the early 1970s, the mid-1980s and the late 1990s.
FACTS - GEOGRAPHY AND CLIMATE
1 133 380 km2 (2018)
Swedish +2 hours
Adjacent country (s)
Sudan, South Sudan, Kenya, Somalia, Djibouti, Eritrea
Capital with number of residents
Addis Ababa 4,592,000 with suburbs (UN estimate 2019)
Other major cities
Mekele 505,000, Dire Dawa 391,000, Nazret 362,000,
Gondar 347,000 (UN estimate 2019)
Ras Dashan (4620 m asl)
Abbai (Blue Nile)
Addis Ababa 300 mm (aug), 5 mm (dec)
Addis Ababa 18 °C (May), 15 °C (Nov)
Saudi Arabia expels hundreds of thousands of Ethiopians
In one month, almost 140,000 Ethiopians are returned to their home country
from Saudi Arabia, where they worked without a permit. The Saudi authorities
began expelling more than one million foreign workers in November after a
deadline for them to arrange work permits expired. Three Ethiopians are said to
have been killed in clashes with a Saudi police.
Ethiopian police receive criticism from outside
Human Rights Watch criticizes Ethiopian police for systematic torture and
mistreatment of prisoners in the country's largest detention center, Maekelawi.
HRW says that large numbers of opposition politicians, regime-critical
journalists, organizers of protest actions and alleged sympathizers for ethnic
insurgency movements have been held captive in Maekelawi.
Oromos becomes new president
Parliament elects Mulatu Teshome as Ethiopian President. He succeeds Girma
Woldegiorgis, who held the largely ceremonial office for twelve years. The
57-year-old Mulatu, who belongs to the Oromo people group, comes from the post
of ambassador to Turkey.
Further demonstrations against the government
Following the demonstration in Addis Ababa in June, a few thousand people in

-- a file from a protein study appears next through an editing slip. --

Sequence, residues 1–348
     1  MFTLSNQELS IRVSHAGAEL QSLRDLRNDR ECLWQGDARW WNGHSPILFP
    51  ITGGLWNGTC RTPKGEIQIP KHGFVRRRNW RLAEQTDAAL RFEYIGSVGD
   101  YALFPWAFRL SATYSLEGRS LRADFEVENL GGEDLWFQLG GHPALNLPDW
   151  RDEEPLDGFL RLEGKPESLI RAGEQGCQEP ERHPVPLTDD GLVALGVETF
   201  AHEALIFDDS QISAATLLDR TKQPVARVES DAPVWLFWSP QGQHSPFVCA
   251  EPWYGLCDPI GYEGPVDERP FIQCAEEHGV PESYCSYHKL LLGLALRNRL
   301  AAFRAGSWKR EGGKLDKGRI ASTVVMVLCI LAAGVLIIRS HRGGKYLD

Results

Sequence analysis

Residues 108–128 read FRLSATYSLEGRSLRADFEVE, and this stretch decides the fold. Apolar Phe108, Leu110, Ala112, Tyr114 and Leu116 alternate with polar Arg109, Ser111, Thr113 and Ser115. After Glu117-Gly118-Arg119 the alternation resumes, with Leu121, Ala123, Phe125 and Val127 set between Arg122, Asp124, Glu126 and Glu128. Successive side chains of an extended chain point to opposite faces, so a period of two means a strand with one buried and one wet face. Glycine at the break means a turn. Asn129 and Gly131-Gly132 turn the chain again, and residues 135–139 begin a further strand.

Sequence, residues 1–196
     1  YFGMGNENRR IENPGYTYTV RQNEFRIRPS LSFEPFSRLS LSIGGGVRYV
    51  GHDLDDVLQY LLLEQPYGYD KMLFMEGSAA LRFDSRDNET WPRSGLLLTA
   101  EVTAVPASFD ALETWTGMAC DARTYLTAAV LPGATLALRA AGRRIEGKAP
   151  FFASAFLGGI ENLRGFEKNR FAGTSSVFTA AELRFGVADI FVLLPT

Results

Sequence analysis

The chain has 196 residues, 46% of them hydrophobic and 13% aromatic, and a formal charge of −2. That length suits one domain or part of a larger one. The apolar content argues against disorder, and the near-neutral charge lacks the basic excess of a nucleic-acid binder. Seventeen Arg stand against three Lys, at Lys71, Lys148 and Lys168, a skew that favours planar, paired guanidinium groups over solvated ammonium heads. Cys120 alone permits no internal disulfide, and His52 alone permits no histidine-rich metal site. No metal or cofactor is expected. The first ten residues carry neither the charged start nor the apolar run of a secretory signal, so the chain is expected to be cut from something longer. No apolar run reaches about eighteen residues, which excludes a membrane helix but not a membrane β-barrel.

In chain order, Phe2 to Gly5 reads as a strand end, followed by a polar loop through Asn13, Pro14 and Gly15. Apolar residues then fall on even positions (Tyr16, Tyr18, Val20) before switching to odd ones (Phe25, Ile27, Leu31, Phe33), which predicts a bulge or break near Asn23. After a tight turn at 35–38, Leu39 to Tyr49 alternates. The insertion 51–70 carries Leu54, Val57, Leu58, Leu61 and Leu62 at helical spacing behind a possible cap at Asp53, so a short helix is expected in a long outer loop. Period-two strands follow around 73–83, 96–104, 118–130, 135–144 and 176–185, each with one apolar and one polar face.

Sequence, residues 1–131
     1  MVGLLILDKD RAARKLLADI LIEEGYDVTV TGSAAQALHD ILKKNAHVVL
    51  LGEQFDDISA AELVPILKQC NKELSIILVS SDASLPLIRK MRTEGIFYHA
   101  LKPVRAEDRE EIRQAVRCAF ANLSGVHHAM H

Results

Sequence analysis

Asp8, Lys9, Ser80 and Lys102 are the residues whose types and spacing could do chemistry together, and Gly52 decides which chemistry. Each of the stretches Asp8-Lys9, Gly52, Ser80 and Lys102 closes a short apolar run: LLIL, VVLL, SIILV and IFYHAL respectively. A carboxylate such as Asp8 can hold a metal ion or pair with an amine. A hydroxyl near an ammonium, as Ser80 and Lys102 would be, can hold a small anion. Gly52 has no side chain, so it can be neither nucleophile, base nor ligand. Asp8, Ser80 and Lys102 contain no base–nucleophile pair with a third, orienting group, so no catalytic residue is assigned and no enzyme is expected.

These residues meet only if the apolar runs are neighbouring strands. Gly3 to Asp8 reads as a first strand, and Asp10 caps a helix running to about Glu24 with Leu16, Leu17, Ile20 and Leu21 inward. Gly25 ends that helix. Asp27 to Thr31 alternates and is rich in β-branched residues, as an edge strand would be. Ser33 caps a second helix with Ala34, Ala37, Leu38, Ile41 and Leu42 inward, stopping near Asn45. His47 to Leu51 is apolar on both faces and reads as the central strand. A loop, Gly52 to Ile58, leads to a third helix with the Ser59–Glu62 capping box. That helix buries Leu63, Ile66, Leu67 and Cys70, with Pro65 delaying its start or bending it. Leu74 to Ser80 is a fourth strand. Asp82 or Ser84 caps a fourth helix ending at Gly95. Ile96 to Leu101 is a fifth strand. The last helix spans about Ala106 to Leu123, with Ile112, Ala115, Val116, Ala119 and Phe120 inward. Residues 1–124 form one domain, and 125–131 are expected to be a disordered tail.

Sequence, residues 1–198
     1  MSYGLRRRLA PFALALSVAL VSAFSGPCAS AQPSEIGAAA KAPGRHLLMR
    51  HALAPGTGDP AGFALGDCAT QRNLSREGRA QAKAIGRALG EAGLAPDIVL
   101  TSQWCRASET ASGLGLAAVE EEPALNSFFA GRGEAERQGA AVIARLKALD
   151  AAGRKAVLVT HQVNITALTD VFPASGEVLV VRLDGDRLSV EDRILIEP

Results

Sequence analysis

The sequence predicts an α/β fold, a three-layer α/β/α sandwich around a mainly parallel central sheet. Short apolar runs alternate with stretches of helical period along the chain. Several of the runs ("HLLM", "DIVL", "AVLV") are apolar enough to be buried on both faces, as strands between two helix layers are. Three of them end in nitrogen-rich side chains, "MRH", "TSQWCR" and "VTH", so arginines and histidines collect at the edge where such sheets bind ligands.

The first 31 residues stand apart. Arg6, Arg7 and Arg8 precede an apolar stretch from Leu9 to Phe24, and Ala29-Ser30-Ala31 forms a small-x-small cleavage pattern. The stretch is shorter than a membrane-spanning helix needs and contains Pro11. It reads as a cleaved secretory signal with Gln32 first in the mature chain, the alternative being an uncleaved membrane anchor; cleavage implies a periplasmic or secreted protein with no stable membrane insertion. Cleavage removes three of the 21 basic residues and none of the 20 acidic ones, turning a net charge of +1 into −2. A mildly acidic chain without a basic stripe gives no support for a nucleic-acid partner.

the cities of Gondar and Dessie participate in public protests against the
regime. Above all, the demands are that two imprisoned journalists be released.
Like thousands of other people, they have been sentenced in accordance with the
country's sweeping anti-terrorism laws.
New agreement on the Nile
Parliament formally approves a new agreement on the distribution of Nile
waters, which included six of the countries along the river in 2010. The
agreement gives Ethiopia much greater right to manage Nile water within its own
country than in the agreement concluded in 1929 during the colonial era, when
Egypt was allowed to set stops for all upstream projects that could threaten the
water supply on Egyptian soil. Egypt and Sudan have not yet signed the new
agreement, called the Cooperative Framework Agreement (CFA), and the Egyptian
government is protesting in sharp terms that Ethiopian authorities have begun
diverting Blue Nile water for a new power plant project (see Natural Resources
Big demonstrations against the government
Thousands of people take part in a demonstration organized by the opposition
in the capital, Addis Ababa. The protesters demand the release of journalists
and political activists imprisoned under the anti-terrorist law passed in July
2009. They also want the government to do something about the high cost of
living, the extensive youth unemployment and corruption. It is the first public
protest allowed since 2005 when hundreds of protesters were killed in violence
after the election. The protests are organized by the relatively newly formed
opposition party Blue Party, which threatens to organize more demonstrations if
the government does not obey the demands within three months.
The opposition boycott local elections
Local elections are held but boycotted by Medrek and several other opposition
parties. EPRDF wins a new landslide victory and takes all places in Addis Ababa,
Invitation to peace talks is left unanswered
Ethiopia proposes peace talks with Eritrea, to reduce tensions following the
March 2012 invasion, but receives no hearing from Asmara.